"[Waterworth is] a financial forecasting tool rather than just a rate study tool.”
Kristal Hughes, Finance Director
City of Madras, Oregon


Madras now has a tool that they can use to plan for the long-term. According to Hughes, Waterworth is, “A financial forecasting tool rather than just a rate study tool.” It has allowed them to consider all expenditures and existing revenues over the next several years. From there they are able to forecast where their cash reserves need to be, then model rate increase scenarios to find the best path to meeting those revenue targets. They have now sketched out a five-year schedule of rate increases. 

And they’ve done it far more easily and more efficiently than they might have with unwieldy spreadsheets. Says Hughes: “If you’re budgeting for a large organization, say with 30 funds, (which means 30 spreadsheets), then you try to apply a long-range forecast to that — oh, my. It gets cumbersome really quickly.” And if you’re trying to incorporate historical data — to identify trends, for instance — the complexity compounds exponentially. “So having it all in one place is so much easier,” she adds.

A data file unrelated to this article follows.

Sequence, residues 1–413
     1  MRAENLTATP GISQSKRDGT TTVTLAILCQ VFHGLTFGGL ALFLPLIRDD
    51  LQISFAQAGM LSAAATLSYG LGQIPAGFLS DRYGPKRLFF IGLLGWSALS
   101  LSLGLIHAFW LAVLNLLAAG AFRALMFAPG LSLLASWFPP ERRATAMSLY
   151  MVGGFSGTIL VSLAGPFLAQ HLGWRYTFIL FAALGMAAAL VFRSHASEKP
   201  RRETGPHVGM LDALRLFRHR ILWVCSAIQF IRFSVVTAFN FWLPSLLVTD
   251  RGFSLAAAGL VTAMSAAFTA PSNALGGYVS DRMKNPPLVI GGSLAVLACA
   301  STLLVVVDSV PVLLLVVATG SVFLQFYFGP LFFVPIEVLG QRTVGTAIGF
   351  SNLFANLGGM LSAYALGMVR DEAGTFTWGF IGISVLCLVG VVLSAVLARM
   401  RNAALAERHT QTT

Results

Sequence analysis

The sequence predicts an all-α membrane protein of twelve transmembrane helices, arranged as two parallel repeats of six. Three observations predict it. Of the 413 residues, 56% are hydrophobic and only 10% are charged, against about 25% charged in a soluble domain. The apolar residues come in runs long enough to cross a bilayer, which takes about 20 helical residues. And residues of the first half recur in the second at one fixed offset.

A key difference for Hughes is the way Waterworth, “Is very intentional in how it projects forward [to model different scenarios], whether the assumption is a percentage increase or a dollar amount,” to demonstrate both the immediate and long-range impact on revenues. “All of those nuances,” she says, “are easily identified within the software.”